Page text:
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MCN Columnists
Mike Wilmington

Wilmington By Mike WilmingtonWilmington@moviecitynews.com

Wilmington on Movies: Knight and Day and Wild Grass

Knight and Day (Three Stars) U.S.; James Mangold, 2010 Knight and Day doesn’t make much sense, but do we really want it to?

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Wilmington on Movies: Toy Story 3, The Killer Inside Me, The A-Team and Marmaduke

Toy Story 3 (Four Stars) U. S. Lee Unkrich, 2010 Toy Story 3 is just what we’ve come to expect from Pixar: a brilliantly conceived and immaculately animated knockout of a family show

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Wilmington: A Tale of Two Cities

“It was the best of times, it was the worst of times…” Charles Dickens, A Tale of Two Cities So said Charles Dickens, to describe the changing worlds of staid England and turbulent France, of the two cities London and Paris, during French revolutionary times — in his great melodramatic novel A Tale of Two…

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Wilmington on Movies: Get Him to the Greek and Breathless

Get Him to The Greek (Three Stars) U.S.; Nicholas Stoller, 2010 Get Him to the Greek — the latest from the Judd Apatow juggernaut

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Wilmington

Quote Unquotesee all »

“Cyberspace is a literary invention and does not really exist, however much time we spend on the computer every day. There is no such space radically different from the empirical, material room we are sitting in, nor do we leave our bodies behind when we enter it, something one rather tends to associate with drugs or the rapture. But it is a literary construction we tend to believe in; and, like the concept of immaterial labor, there are certainly historical reasons for its appearance at the dawn of postmodernity which greatly transcend the technological fact of computer development or the invention of the Internet.”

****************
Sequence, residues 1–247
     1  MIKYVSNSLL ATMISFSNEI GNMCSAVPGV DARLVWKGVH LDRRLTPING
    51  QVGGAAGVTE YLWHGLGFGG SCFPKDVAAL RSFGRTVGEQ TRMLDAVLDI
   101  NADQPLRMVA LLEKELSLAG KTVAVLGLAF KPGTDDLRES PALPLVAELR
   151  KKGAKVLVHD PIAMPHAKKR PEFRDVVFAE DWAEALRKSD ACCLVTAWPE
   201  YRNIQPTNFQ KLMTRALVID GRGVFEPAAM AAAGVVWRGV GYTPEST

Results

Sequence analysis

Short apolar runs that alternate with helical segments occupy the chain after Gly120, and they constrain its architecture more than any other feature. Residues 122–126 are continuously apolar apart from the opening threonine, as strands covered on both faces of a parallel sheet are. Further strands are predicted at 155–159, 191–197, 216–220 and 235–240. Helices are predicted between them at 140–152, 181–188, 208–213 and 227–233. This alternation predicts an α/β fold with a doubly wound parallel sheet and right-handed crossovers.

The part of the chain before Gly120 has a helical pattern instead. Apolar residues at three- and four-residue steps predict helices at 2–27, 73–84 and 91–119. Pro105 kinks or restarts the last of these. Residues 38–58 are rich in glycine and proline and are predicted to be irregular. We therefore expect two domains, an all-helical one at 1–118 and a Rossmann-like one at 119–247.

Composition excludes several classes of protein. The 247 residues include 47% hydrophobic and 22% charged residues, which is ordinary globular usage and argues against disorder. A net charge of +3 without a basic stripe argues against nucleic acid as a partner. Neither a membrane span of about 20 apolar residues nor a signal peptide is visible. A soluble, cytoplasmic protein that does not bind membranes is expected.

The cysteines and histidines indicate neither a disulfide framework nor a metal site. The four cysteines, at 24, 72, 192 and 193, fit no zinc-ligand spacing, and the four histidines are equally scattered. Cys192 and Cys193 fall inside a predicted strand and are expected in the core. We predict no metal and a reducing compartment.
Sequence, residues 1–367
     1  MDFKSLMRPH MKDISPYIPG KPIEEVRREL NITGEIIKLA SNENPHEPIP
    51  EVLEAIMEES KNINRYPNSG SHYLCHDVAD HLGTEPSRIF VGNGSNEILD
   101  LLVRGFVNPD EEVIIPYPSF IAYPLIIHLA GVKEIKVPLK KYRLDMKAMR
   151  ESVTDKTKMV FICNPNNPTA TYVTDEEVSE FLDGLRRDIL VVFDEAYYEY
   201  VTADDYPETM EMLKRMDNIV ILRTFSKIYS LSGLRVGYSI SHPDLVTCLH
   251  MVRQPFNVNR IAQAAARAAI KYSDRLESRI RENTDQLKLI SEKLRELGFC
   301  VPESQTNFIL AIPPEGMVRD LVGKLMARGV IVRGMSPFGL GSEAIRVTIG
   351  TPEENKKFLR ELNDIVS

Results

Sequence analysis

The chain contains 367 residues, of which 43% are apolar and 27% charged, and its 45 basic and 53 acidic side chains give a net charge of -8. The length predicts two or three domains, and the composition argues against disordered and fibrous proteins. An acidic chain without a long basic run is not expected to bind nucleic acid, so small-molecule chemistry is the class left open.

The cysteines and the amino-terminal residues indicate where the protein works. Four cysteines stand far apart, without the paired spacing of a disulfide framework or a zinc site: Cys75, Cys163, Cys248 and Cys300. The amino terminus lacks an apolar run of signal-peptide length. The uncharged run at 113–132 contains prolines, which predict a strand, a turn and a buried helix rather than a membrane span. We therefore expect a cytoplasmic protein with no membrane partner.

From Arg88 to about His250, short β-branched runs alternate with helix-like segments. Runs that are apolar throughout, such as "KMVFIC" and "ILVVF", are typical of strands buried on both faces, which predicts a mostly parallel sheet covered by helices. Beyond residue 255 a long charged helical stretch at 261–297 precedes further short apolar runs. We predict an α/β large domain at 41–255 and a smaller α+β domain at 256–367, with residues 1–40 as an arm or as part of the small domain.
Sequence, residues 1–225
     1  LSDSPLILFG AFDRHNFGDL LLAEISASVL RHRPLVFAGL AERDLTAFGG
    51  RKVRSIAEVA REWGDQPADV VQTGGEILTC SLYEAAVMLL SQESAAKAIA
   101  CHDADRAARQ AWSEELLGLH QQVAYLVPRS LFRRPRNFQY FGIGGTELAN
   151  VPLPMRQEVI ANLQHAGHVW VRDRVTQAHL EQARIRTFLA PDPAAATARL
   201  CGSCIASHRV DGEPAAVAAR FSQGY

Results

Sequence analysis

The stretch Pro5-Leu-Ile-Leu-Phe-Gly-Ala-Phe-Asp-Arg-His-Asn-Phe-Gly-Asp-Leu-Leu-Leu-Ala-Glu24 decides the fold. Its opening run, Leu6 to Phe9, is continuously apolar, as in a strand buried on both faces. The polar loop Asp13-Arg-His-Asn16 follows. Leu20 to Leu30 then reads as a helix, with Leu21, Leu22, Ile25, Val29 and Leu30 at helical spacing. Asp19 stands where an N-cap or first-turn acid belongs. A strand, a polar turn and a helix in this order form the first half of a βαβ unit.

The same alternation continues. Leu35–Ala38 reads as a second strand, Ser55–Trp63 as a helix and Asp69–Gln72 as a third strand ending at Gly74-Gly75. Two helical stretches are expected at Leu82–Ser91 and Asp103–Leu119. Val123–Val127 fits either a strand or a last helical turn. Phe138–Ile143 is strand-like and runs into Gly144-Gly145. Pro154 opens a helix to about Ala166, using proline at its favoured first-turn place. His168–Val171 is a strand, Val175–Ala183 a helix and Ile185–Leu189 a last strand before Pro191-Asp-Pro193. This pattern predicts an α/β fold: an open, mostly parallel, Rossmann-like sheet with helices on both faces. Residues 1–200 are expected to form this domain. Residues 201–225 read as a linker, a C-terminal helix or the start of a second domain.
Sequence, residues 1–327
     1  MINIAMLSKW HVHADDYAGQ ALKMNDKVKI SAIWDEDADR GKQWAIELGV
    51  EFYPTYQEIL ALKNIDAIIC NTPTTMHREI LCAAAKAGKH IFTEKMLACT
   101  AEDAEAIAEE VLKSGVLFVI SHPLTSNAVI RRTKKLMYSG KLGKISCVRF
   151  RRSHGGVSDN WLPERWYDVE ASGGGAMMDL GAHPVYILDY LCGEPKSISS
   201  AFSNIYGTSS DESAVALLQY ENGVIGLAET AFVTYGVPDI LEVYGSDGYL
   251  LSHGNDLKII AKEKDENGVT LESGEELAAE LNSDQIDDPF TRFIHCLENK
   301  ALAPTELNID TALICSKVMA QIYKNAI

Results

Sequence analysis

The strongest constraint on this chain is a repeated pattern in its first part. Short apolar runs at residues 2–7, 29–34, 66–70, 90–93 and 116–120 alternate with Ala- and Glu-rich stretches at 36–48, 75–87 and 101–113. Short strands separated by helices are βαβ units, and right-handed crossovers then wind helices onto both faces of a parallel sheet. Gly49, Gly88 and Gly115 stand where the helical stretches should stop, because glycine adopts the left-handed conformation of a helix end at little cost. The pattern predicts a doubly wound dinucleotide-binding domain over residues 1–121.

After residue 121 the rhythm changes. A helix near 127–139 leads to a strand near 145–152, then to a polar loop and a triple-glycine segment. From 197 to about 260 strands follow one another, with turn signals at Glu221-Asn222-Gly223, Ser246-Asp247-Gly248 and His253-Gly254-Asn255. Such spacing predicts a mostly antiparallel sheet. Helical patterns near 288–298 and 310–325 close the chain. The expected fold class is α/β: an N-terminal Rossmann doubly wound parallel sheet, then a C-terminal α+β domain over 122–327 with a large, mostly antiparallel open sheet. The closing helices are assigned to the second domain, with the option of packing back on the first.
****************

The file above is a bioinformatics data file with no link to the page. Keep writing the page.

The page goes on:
~ Fredric Jameson On William Gibson, Cyberspace and “Neuromancer”

“At one point in the comedy dead zone known as Seth MacFarlane’s Ted 2, the title character—a stuffed toy bear voiced by Mr. MacFarlane—and his dimwitted best friend, John (Mark Wahlberg), visit a comedy club to engage in a favorite pastime: throwing bleak improv ideas at the comics onstage. So, seated in the back of the auditorium while cloaked in darkness, the friends start shouting out suggestions like 9/11, Robin Williams and Charlie Hebdo to the unnerved comics. The topics don’t mean anything to Ted and John, who, like Mr. MacFarlane, take great pleasure in making others squirm. They could have just as easily yelled gang rape, the Holocaust and dead puppies.”
Manohla Dargis on Ted 2

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